Psalm 82 raises puzzling questions: 1) Who are the “gods” of verses 1 and 6, the mighty ones among whom God stands? 2) Who is the first person speaker in verse 6? 3) What is the meaning of the final verse, “Arise, O God, judge the earth; for you shall inherit all the nations!”
1) In view of John 10:31-39, a passage in which Jesus quotes verse 1 of this psalm, the “gods” are the judges and rulers who stand in the place of God as arbiters over the affairs of people. Because of their power and their need to represent justice fairly, it is as though they are “gods” in relation to other people. But they are botching the job. They are judging unfairly and favoring the “wicked.” We can read into the psalm that the judges are favoring the rich, the powerful, those with influence, those who offer favors in return, and so on.
God favors the poor and needy. This psalm is very clear. God’s indictment is against the rulers who are so unlike himself. God says, “Give justice to the weak and the fatherless; maintain the right of the afflicted and the destitute. Rescue the weak and the needy; deliver them from the hand of the wicked.” God continues, They [the gods/judges] have neither knowledge nor understanding, they walk about in darkness; all the foundations of the earth are shaken.” (Psalm 82:3-5 ESV) When human rulers go against God’s goodness and his kindness toward the poor, the very “foundations of the earth are shaken.”
2) Is the “I” who speaks in verse 6 the same as God who speaks in verses 2-5? Patrick Reardon (Christ in the Psalms, 161-162) points out that the Orthodox Church recites Psalm 82 in their Easter liturgy just before the announcement of the Resurrection of Christ in Matthew. He relates that the Orthodox Church applies verse 8, “Arise, O God, judge the earth; for you shall inherit all the nations! (ESV),” as a cry by God’s people for the resurrection of Christ. If Christ is addressed as “O God” in verse 8, perhaps then he is also the speaker of verses 6-7?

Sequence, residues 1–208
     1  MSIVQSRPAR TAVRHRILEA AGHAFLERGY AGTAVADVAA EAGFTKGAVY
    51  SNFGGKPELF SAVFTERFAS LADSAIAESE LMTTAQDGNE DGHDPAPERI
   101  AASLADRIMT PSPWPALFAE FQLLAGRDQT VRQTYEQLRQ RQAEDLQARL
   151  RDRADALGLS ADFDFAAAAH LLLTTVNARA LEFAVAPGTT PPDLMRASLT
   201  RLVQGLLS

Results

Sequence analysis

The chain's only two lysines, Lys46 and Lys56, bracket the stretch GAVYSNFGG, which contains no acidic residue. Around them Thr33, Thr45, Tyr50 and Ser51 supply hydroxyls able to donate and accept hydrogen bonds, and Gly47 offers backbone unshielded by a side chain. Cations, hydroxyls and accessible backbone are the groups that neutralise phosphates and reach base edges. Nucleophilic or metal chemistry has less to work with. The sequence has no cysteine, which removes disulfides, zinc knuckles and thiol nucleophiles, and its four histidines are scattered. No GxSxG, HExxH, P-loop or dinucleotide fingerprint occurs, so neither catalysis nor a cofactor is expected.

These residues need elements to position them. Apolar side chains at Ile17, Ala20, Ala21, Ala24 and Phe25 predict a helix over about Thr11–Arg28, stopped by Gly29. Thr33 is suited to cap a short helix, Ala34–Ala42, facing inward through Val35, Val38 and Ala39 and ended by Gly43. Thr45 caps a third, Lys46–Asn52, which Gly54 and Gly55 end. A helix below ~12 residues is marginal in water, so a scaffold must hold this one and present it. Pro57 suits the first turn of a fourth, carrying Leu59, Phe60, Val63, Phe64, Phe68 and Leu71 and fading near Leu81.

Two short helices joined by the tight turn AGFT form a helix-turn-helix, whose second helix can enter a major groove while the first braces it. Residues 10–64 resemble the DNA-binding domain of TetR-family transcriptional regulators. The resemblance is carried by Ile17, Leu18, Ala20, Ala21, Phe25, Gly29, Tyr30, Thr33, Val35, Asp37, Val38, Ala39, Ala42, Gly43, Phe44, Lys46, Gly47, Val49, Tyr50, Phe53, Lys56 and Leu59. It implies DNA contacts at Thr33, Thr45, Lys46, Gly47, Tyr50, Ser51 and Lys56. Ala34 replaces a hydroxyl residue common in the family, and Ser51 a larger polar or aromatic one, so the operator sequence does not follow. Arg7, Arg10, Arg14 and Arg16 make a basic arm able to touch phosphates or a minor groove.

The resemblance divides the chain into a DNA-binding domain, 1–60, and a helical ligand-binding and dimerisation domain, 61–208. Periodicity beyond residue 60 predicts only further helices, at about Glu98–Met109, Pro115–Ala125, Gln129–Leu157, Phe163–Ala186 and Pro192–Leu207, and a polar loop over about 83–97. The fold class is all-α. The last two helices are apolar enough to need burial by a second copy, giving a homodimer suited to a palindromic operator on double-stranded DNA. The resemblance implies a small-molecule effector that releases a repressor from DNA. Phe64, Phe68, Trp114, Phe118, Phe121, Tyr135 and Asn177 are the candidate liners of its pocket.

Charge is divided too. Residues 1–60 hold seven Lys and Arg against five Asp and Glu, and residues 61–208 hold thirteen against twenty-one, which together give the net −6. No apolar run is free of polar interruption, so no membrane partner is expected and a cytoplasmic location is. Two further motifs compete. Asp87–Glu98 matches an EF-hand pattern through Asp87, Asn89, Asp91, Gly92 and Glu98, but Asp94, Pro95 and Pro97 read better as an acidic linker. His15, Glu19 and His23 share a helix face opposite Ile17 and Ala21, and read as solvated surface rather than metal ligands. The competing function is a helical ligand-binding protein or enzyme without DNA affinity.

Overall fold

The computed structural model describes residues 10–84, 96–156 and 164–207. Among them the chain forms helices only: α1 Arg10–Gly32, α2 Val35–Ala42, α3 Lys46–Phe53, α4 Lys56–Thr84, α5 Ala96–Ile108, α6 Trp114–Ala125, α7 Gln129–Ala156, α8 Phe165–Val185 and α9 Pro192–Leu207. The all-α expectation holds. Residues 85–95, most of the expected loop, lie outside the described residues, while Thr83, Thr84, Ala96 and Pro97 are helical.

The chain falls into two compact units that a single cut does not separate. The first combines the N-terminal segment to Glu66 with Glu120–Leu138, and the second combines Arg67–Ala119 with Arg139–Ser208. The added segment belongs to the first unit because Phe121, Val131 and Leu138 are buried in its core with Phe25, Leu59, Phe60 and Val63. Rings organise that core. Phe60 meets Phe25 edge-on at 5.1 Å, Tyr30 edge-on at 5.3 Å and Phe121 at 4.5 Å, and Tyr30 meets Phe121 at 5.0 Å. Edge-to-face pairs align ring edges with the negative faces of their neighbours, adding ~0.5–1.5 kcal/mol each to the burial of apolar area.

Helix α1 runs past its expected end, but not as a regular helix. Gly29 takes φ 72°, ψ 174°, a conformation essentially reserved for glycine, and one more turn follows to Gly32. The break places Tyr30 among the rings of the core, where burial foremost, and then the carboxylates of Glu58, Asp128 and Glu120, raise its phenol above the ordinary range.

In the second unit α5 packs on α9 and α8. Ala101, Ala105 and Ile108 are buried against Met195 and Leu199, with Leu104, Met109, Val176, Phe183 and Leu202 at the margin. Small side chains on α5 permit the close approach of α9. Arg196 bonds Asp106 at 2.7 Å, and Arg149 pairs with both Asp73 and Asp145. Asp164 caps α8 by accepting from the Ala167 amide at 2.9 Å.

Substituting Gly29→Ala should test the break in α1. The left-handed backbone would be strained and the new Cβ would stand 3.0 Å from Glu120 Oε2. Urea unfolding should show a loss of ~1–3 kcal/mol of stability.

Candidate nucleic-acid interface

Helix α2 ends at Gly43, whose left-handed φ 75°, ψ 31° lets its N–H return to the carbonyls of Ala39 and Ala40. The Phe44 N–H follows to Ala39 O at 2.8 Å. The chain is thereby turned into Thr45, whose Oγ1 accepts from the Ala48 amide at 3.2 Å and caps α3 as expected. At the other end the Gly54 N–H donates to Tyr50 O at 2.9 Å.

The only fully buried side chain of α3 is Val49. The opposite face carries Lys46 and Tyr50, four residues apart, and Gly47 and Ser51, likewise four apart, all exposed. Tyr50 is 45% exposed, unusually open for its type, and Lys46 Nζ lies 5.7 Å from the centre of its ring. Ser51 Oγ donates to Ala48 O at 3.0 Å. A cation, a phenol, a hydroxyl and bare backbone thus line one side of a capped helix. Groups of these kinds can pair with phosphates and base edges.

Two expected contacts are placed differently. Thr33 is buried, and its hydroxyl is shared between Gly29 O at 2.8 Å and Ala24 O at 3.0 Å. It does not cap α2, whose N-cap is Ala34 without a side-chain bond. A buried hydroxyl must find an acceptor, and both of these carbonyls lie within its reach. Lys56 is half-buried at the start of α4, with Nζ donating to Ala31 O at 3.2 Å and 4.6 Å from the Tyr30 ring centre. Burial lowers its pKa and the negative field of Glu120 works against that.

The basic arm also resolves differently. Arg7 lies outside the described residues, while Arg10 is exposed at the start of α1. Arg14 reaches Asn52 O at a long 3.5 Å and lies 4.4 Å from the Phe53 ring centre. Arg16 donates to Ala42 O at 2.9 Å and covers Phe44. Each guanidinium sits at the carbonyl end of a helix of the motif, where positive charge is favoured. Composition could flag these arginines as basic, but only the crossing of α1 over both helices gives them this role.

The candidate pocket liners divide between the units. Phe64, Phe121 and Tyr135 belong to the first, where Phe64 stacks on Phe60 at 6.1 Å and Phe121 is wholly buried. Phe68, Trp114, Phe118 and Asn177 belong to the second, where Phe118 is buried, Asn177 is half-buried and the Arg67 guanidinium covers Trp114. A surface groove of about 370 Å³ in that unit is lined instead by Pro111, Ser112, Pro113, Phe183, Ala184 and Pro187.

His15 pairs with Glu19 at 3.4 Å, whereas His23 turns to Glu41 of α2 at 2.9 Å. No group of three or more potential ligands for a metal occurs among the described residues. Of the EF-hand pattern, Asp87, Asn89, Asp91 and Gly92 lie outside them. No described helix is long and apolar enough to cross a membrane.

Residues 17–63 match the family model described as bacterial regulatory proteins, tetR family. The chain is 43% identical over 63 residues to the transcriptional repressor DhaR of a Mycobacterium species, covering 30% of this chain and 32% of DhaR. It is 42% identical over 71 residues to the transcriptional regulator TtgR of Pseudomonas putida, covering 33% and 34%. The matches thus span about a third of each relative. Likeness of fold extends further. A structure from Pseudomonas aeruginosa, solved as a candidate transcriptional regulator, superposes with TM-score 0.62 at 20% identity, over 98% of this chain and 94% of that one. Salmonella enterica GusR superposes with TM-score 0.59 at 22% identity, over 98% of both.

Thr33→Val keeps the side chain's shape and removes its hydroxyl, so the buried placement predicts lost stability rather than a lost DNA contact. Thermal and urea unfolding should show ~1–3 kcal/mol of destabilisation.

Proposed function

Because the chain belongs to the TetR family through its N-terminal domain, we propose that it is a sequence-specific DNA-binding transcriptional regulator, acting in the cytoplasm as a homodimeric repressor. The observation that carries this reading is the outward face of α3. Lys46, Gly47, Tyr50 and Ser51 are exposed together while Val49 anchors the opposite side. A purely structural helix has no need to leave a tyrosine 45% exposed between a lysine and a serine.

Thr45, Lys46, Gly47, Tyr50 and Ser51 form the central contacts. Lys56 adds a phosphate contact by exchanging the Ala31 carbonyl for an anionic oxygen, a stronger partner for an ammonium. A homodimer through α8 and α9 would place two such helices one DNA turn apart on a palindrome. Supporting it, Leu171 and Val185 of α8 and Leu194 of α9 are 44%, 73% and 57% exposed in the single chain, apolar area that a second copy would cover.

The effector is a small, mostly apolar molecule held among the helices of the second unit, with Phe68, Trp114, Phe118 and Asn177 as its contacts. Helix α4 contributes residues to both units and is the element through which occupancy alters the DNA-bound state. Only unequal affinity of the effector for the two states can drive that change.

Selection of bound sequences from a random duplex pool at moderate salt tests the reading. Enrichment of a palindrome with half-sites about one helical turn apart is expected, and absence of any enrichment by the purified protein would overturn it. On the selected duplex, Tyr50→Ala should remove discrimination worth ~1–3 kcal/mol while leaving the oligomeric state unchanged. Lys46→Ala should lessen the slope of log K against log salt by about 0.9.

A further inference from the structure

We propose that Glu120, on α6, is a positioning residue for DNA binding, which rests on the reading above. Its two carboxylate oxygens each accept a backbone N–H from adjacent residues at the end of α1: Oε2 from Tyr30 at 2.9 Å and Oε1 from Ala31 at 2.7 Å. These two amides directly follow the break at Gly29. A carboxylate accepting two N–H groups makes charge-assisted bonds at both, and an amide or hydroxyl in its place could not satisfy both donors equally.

3) The New Testament supports a reading that Christ is referenced as the one who shall inherit all the nations in verse 8. (Matthew 28:18; Romans 8:17; Ephesians 5:5; Philippians 2:9-11) If Christ is indeed referenced in verses 6-8, then this psalm supports the presence of two persons of the Trinity within the Old Testament.
The Point: However we may choose to answer the questions Psalm 82 raises, the psalm leaves no question about God’s view of the poor and needy. Neglect and mistreatment of the poor and needy by those with power to help provokes the judgment of God against those who hold the power. God does not view the poor and needy as a threat, a danger, as scum, as those to be locked out and avoided. His instructions are clear, “Give justice to the weak and the fatherless; maintain the right of the afflicted and the destitute. Rescue the weak and the needy; deliver them from the hand of the wicked.” Psalm 82 promises a day of judgment in which God will judge the judges. This psalm warns them that he is not pleased with their judgments. O that we would be a godly nation who obeyed his Word.
As always Christina gives me a new way to view the Psalms. I love reading them again with a new perspective.
Thank you Michele. Your comment truly encourages me.